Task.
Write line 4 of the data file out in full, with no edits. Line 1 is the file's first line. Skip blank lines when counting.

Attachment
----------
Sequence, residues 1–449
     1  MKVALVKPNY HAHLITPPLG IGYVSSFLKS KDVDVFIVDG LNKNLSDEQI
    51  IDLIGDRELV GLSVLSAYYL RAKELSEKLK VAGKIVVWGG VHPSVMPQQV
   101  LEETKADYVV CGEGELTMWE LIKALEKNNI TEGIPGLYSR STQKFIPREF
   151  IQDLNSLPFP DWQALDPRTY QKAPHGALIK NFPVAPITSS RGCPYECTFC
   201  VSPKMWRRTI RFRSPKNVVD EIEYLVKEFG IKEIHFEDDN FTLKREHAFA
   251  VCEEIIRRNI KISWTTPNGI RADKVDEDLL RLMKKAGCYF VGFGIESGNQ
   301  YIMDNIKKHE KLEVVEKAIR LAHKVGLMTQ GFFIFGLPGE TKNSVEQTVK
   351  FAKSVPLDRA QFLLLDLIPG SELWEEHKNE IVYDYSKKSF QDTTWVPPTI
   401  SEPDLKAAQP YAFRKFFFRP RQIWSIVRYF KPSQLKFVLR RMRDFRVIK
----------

   101  LEETKADYVV CGEGELTMWE LIKALEKNNI TEGIPGLYSR STQKFIPREF